To the entire Williams community,

A presidency can pass in the blink of an eye.

It was the fall of 2010, but it seems just yesterday that I stood in Chapin Hall at Convocation to deliver my inaugural address. I’d already been on the job for almost half a year, but still it felt like the beginning. What surprises and challenges lay ahead of us? What should we be mindful to preserve, and what would we need to change? What forces from beyond the Purple Valley would affect us, and how would we, in turn, aspire to affect the world?

Not easy questions to answer, to be sure. The sage Yogi Berra once said, “It’s tough to make predictions, especially about the future.” As all new presidents are compelled to, I still did my imperfect best to deliver on the promise of a vision. But the most important observation I made then, one in which I believe just as deeply today, is that the choices about where to go would not be mine alone. “This day is not about an individual person,” I said, “but about a college.”

And almost a decade later, I’m indeed proud of what we, this college, have accomplished.

We’ve reinvigorated our campus landscape, from the new Sawyer Library and the Class of ’66 Environmental Center to the renovated Chapin and Weston Halls, with the additions to the science center soon to join them.

We’ve started new programs like the Center for Learning in Action, which every day strengthens our relationship to our surrounding communities and deepens our students’ engagement with people throughout the Berkshires and beyond.

We’ve strived to welcome to Williams people from an ever-wider array of backgrounds and identities. Living and learning in a diverse community fosters imagination, empathy, open-mindedness and respect, all characteristics needed now more urgently than ever. And we’ve made strides in keeping membership in this community affordable to students and their families. Leaders don’t usually brag about increasing expenditures. But I’m proud of the more than $50 million in aid we provide to Williams students every year, expressing as it does our deep commitment to expanding educational opportunity.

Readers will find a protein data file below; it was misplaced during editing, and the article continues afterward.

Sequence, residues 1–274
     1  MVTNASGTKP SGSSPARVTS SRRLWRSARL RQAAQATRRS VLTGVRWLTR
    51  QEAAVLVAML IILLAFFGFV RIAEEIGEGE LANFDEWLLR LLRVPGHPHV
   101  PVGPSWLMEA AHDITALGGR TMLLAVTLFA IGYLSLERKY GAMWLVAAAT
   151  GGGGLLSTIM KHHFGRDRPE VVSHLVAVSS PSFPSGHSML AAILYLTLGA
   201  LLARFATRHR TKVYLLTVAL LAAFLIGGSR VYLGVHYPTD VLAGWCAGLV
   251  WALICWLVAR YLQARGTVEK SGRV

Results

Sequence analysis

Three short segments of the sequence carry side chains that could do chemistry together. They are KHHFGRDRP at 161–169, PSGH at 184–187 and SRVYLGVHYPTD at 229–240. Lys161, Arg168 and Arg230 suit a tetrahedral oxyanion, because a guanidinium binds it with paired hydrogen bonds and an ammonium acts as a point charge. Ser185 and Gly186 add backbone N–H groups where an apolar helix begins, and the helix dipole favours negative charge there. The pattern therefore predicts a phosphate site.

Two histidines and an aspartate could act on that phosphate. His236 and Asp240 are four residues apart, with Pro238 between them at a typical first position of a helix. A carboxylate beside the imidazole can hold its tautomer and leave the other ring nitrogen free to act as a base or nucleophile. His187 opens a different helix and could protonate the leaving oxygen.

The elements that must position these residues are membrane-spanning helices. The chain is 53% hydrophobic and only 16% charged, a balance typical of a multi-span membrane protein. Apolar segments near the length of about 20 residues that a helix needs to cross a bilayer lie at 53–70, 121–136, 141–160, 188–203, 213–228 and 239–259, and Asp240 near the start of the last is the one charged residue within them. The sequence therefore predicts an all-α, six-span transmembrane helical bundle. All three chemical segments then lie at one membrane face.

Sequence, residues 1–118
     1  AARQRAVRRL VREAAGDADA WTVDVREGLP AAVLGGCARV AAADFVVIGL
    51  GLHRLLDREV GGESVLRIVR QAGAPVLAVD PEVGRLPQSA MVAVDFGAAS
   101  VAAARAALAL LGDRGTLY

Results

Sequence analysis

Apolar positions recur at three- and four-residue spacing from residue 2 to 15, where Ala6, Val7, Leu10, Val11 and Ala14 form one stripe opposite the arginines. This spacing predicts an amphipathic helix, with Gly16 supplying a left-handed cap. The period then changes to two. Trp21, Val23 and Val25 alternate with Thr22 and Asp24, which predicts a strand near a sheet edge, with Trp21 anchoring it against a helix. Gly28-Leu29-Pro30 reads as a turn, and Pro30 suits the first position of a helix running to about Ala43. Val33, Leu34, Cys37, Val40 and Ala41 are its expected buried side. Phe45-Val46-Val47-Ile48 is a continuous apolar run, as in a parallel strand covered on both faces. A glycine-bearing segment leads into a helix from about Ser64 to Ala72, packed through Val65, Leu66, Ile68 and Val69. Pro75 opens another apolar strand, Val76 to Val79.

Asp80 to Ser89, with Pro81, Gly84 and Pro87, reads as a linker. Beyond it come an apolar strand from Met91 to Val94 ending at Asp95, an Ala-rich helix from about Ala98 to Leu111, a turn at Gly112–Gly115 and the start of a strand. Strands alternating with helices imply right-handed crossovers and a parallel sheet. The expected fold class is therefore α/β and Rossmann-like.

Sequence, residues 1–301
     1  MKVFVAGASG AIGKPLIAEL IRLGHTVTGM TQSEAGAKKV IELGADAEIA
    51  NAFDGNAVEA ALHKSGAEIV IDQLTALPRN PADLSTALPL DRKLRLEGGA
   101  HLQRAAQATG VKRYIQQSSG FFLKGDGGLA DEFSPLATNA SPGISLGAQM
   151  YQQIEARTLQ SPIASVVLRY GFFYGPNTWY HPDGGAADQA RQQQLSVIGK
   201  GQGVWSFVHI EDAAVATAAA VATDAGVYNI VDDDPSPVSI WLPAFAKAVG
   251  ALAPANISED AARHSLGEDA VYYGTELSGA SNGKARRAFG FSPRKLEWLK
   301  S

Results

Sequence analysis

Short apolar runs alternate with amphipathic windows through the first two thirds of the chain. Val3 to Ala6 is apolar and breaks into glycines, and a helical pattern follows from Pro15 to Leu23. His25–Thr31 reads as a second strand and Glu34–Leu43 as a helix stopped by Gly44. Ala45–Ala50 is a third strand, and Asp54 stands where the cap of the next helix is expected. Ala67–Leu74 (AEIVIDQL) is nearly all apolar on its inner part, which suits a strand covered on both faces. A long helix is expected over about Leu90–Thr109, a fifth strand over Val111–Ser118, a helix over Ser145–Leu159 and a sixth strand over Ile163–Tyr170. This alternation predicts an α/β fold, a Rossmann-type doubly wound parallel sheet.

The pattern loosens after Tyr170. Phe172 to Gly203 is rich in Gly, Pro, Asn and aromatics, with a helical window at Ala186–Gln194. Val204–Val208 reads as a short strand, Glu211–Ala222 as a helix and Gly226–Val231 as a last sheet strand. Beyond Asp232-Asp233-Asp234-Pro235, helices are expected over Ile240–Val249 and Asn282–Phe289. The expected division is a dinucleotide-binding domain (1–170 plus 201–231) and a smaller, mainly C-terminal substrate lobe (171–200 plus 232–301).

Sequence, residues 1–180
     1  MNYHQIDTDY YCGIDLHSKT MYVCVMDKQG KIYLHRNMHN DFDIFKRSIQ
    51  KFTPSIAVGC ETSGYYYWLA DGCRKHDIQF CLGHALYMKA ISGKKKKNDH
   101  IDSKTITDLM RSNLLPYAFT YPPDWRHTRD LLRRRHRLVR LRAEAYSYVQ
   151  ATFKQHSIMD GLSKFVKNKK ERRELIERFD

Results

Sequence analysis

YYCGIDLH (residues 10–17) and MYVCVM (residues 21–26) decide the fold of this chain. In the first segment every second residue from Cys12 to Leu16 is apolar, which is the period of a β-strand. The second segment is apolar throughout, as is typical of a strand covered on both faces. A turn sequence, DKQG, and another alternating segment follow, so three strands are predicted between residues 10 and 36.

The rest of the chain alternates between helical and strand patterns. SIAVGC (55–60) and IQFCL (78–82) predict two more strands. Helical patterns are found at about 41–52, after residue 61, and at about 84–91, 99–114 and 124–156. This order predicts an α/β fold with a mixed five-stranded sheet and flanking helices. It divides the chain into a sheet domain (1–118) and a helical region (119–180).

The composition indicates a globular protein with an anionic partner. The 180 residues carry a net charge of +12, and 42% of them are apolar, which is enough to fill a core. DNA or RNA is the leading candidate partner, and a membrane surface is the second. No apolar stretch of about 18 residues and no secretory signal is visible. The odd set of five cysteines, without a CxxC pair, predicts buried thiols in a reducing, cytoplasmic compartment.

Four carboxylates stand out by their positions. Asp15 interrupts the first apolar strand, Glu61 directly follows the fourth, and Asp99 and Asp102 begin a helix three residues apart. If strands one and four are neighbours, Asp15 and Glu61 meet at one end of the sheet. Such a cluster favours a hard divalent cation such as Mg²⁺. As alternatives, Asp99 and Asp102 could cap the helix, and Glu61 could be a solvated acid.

There’s of course plenty left for the next president to work on, and they’ll do so in collaboration with our entire community: a convocation and sometimes a cacophony of many voices, many aspirations, and many efforts. Let us remember that our most important work, our hardest work, requires every one of us and is by its nature never fully done.

While it’s not my job to set the agenda for my successor, that agenda will surely include continuing to hire and support one of this country’s great teaching faculties. It will surely include continuing to open Williams to students drawn from every part of our society, and to provide everyone who is here the fullest opportunity to thrive. And it will surely include continuing to care for the natural and built environment that is the home for the remarkable work that students, staff, and faculty do: alone, with each other, and, increasingly, in partnership with our alumni.

Back in 2010, I closed my inaugural address by saying, “We love the Williams that we know and have known, but we will love even more the Williams that we create.” I love the Williams we, together, have created, and I hope that you do, too. Now will begin a new phase of its creation. I’ll be following Williams’s ongoing evolution from elsewhere, but will do so with pride, affection and gratitude for all that we’ve achieved in these past eight years.

Sincerely,

Adam Falk
President

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